Women Are Making A Splash Both In And Outside The Gender Pool

Kevin McCallum finds that women’s sport is slowly but surely getting the recognition it so richly deserves.

In May, just before his team played Watford in the FA Cup, Pep Guardiola, the manager of Manchester City, was asked by a journalist what he thought of the prospect of his team becoming the “first-ever to win the domestic treble” of league titles: the Carabao Cup, FA Cup and the league cup in England.

The Spaniard stopped, looked at the journalist and interrupted. “Men’s,” he said.

Indeed, Arsenal Football Club’s women’s team did the domestic treble in the 1992/93 season, an incredible achievement often overlooked by a blinkered male-dominated media. It is not only football. At the 2016 Olympic Games in Rio, BBC presenter John Inverdale put it to Andy Murray that he was the first person to win two gold medals in tennis. The British tennis star gave him short shrift: “I think Venus and Serena (Williams) have won about four each.”

Murray had done the same at the US Open, correcting a male journalist who told him Sam Querrey, to whom Murray had just lost, had become the “first US player to reach a major semi-final since 2009”. Murray replied that Querrey was just the first “male player” to do that.

Two small steps for man; one giant leap for women’s sport.

It will take much more than two stars calling out journalists to change the perception and attitude some mainstream media have towards women’s sport, but there is a sense that the tide is turning, that sponsors, broadcasters and media are realising the value in women’s sport. They are superstars, role models and inspirations.

SA’s female sports stars

South Africa has a history of strong women sports stars, who compete and beat the best in the world. From Elana Meyer to Penny Heyns, from Banyana Banyana to the Proteas — both cricket and netball — from Comrades winner Gerda Steyn to Kgothatso Montjane, the wheelchair tennis ace, South African women make their mark on the global stage.

Montjane, born with a congenital disorder that affected the growth of her fingers and legs, has had to fight harder than most to become an international star. In 2018, she became the first black South African woman, able-bodied and disabled, to take part in Wimbledon. She qualified for all four majors last year and this year was knocked out in the semi-finals of Wimbledon. At 33, she still gets a little starstruck that she is at the same events as the likes of the Willams sisters who inspire her as she hopes to inspire others.

“I can’t believe I am competing in the same space as them. I just never saw myself here, considering how I started in this sport. Even if I’ve never talked to them, we compete on the same stage, we share the same locker room and dining space,” says Montjane.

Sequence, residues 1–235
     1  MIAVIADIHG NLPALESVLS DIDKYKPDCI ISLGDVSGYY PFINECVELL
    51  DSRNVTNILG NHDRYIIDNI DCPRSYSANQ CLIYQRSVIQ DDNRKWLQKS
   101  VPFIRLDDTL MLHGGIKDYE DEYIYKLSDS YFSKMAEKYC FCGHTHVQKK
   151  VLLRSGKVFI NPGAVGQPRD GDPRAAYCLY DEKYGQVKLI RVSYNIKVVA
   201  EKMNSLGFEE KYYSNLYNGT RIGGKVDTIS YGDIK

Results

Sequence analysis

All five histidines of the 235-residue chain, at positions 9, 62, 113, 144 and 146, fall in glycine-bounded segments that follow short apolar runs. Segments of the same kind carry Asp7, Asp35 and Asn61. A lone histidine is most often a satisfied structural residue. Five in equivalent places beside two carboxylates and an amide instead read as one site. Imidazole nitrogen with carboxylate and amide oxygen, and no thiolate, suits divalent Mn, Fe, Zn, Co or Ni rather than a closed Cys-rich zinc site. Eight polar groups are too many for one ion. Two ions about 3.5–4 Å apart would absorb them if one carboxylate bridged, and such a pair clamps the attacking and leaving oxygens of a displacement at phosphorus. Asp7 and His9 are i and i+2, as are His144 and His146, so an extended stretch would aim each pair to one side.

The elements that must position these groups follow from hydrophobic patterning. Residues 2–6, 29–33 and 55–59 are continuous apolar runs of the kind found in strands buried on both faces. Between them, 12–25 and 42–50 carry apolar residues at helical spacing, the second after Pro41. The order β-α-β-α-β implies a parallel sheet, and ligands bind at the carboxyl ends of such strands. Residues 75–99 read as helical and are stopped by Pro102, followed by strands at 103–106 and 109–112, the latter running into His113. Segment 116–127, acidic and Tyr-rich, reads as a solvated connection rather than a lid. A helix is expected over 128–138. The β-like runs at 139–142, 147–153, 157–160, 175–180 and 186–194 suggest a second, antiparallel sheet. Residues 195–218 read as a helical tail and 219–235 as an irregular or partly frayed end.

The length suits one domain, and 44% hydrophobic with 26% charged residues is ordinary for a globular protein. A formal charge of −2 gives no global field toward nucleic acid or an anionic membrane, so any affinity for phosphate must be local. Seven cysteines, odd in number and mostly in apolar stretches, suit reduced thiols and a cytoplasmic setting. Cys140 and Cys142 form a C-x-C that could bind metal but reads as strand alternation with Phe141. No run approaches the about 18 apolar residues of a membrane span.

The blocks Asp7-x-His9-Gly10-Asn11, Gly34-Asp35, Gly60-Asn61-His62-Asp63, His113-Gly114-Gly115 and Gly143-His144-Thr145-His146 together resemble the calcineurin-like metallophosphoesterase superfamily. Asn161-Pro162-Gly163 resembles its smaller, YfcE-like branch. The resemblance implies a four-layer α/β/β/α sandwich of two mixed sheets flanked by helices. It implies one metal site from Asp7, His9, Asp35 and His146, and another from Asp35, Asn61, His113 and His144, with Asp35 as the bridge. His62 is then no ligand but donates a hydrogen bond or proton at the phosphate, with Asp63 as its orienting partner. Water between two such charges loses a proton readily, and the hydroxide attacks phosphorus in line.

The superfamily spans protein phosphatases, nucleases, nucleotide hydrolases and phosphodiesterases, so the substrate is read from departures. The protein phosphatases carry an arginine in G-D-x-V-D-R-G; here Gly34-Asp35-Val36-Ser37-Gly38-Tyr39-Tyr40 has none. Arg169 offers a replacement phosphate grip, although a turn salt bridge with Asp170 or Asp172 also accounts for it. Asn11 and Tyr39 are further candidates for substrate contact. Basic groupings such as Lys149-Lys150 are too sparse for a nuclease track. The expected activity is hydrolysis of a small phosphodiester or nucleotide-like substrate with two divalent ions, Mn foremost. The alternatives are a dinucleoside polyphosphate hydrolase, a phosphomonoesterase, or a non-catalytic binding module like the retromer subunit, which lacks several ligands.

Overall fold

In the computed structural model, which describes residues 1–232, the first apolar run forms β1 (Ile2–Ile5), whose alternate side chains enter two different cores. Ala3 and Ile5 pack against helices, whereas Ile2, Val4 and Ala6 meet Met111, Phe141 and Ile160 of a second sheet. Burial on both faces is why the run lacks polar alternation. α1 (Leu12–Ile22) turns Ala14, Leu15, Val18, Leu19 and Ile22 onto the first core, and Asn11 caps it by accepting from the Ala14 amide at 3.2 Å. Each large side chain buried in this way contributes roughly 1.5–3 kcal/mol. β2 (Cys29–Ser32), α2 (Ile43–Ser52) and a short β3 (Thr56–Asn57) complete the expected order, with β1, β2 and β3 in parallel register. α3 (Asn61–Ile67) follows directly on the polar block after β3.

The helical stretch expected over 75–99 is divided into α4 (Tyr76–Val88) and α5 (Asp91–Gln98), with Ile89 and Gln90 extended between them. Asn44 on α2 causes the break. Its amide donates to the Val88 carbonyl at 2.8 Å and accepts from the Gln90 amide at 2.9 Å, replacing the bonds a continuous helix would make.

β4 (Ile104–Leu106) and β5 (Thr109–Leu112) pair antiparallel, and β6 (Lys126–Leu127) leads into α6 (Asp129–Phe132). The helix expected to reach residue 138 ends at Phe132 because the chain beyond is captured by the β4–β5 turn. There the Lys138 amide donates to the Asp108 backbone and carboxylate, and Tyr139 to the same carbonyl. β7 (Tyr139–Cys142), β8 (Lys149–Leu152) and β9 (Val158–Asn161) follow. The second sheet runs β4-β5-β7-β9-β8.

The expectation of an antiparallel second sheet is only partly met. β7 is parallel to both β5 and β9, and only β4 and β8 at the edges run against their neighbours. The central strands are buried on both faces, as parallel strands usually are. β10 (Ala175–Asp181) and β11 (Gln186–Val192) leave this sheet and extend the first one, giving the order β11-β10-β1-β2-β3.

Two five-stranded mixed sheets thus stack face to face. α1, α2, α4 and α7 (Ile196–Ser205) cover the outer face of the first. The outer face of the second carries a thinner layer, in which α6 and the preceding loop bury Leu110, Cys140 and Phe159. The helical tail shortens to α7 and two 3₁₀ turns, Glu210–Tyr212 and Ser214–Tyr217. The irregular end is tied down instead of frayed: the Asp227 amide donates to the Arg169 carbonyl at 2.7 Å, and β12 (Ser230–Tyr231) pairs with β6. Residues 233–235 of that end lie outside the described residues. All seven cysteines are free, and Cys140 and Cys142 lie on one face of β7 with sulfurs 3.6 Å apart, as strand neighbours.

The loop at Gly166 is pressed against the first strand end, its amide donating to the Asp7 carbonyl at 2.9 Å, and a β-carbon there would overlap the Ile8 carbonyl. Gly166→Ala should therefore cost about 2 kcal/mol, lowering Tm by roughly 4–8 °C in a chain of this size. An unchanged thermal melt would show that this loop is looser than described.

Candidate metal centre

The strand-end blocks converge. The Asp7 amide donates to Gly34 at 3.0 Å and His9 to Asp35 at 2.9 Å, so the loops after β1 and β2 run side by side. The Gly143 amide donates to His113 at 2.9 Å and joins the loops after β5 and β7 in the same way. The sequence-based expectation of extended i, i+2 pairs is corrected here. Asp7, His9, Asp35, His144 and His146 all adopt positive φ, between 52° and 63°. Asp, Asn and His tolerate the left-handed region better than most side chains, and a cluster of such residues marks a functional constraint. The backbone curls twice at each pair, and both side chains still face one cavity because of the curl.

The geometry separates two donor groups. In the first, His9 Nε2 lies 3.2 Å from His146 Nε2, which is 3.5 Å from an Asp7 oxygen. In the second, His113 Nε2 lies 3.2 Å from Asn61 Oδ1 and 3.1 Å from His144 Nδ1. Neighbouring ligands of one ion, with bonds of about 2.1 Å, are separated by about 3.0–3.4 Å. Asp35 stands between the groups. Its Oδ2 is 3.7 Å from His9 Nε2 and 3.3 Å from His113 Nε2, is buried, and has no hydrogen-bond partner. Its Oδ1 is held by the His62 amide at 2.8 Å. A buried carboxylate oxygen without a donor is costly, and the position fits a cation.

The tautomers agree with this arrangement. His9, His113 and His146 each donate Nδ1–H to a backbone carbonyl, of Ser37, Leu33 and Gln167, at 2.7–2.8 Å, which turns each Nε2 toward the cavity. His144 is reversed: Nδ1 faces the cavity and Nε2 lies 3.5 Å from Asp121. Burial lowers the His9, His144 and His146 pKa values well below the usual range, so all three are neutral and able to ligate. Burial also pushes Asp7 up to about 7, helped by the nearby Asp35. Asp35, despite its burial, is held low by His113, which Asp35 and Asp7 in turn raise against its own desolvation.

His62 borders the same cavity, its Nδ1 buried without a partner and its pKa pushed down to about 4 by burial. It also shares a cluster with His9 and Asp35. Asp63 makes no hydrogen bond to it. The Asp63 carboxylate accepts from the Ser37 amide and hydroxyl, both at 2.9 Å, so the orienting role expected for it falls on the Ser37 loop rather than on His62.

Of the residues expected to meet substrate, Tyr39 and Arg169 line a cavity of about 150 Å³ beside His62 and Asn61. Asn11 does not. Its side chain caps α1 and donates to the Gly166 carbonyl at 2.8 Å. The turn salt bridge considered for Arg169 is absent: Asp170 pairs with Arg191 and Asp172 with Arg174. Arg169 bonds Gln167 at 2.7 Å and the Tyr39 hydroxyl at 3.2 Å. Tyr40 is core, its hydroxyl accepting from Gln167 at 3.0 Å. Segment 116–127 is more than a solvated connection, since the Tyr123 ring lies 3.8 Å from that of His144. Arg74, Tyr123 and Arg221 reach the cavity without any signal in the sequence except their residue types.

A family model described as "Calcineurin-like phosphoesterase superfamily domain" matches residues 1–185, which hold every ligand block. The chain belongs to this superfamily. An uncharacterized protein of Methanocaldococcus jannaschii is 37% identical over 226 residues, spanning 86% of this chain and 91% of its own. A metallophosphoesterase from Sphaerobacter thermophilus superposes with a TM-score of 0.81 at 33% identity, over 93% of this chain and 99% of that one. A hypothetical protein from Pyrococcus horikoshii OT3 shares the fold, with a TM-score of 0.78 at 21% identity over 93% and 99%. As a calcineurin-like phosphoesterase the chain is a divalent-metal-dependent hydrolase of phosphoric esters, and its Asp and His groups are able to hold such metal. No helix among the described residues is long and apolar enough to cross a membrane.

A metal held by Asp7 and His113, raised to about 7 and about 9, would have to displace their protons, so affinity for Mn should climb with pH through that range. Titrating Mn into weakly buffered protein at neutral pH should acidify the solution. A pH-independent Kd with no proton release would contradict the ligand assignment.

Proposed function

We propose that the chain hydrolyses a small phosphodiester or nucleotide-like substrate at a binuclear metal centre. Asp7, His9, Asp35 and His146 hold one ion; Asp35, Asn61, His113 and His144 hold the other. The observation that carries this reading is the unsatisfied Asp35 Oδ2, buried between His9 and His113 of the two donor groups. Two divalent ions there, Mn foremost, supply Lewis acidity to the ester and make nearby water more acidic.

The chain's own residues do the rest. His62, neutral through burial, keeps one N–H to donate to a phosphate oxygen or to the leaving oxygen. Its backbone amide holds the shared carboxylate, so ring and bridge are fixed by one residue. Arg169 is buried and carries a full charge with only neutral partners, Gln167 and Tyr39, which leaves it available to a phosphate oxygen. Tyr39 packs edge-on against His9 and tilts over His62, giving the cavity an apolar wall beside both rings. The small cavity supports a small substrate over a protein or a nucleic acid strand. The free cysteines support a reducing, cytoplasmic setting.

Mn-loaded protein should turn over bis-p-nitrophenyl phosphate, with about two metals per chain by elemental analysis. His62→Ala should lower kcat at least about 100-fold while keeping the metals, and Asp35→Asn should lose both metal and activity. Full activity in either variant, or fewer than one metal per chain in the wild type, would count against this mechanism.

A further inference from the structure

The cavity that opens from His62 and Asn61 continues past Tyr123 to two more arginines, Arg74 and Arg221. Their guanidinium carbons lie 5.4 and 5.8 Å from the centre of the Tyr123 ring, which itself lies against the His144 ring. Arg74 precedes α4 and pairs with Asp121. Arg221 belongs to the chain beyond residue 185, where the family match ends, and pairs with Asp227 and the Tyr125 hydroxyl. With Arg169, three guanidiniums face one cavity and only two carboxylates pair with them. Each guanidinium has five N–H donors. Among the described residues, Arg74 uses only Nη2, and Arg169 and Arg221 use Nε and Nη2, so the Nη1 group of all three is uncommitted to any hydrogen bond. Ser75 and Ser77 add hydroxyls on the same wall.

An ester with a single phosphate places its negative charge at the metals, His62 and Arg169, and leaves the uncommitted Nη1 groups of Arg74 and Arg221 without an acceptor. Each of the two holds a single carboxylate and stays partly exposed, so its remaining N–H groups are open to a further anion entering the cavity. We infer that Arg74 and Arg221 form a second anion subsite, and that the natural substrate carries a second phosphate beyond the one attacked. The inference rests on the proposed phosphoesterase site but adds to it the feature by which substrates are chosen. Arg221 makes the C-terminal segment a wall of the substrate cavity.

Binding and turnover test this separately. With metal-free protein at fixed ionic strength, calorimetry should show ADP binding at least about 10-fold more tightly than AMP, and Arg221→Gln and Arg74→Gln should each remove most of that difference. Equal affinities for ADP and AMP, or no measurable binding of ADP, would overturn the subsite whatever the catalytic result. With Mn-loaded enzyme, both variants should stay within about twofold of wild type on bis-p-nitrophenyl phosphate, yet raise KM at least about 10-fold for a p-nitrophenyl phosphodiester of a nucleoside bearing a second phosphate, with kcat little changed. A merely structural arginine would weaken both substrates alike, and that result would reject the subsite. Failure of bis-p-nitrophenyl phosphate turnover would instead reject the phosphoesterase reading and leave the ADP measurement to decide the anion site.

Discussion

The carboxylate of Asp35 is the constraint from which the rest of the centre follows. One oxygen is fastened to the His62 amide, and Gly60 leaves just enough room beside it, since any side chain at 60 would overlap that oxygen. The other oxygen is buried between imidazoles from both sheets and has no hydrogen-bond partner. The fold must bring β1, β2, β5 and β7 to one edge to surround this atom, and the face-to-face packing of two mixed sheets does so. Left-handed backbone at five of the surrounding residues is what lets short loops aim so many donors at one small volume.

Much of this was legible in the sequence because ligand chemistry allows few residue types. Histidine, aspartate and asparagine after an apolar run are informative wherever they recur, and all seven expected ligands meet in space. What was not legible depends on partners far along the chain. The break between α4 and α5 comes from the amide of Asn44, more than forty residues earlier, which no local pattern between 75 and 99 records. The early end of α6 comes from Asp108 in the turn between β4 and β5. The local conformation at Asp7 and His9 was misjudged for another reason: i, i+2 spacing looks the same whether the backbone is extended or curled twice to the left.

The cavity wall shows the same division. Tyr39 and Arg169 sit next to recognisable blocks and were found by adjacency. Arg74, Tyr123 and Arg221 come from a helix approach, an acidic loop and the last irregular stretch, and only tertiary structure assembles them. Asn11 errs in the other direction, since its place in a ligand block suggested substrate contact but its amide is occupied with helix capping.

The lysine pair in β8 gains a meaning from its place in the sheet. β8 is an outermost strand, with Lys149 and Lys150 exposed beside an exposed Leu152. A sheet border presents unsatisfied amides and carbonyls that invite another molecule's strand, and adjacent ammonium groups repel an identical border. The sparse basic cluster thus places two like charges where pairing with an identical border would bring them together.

Having started the sport relatively late in life, back in 2005, Montjane learnt from watching Roger Federer, Serena and Venus Williams on television, writing notes, and then practising what her heroes did. That has translated into her incredible consistency of shotmaking, which has taken her to a ranking of seventh in the world.

Penny Heyns was regarded as perhaps the best breaststroker of the 20thcentury as she became the only woman to win the 100m and 200m at one Olympics, and set 14 world records. There have been lean years for South African women in the pool since the 2000 Games in Sydney, but that changed this year. In July, Tatjana Schoenmaker followed in Heyns’ wake when she became the first South African to win a medal at the World Long-Course Championships, taking silver in the 200m breaststroke in Gwangju, Korea. In August, Schoenmaker won her first World Cup gold in Tokyo.

South Africa’s netball stars also lived their dream in July when they finished fourth in the World Cup and came within a whisker of beating Australia in the semi-final. Yet, said Netball SA president Cecilia Molokwane, it was hard for some of the team to train because their “focus was on work and putting food on the table”. That may change now.

Molokwane said she had told the team before the World Cup that they would be the “group to change the face of netball. The group that was going to make the media start talking about them. The group that was going to make headlines”.

Telkom, which sponsors the local league, offered the team R1-million if they won the World Cup for the first time. The players still got to share a R1.2-million bonus pool from team sponsor Spar. But they, like the United States, like the Williams sisters, like Banyana Banyana, were changing the way women’s sport was viewed and providing inspiration for a new generation.

SuperSport has been at the forefront of providing substantial coverage for women’s sport, not through a sense of righting wrongs, but because the celebration of women’s sport gives a return in viewership and numbers. While SABC chose not to broadcast the women’s World Cup and opted for the men’s African Cup of Nations, SuperSport showed both. The women’s World Cup set new records in Britain and South Africa for television audiences.

“We don’t see this particularly as a new market. A sport like cricket, for instance, has long attracted a wealth of female viewers. Women’s netball, hockey and soccer, among others, have long been staples on SuperSport. At SuperSport, we don’t differentiate between men’s and women’s sport – we broadcast world-class sport,” said Gideon Khobane, CEO of SuperSport.

And that, as Andy Murray and Pep Guardiola might tell you, is why women’s sport deserves more respect. It is world-class and South Africans are showing they have the class to compete with the best in the world.

 

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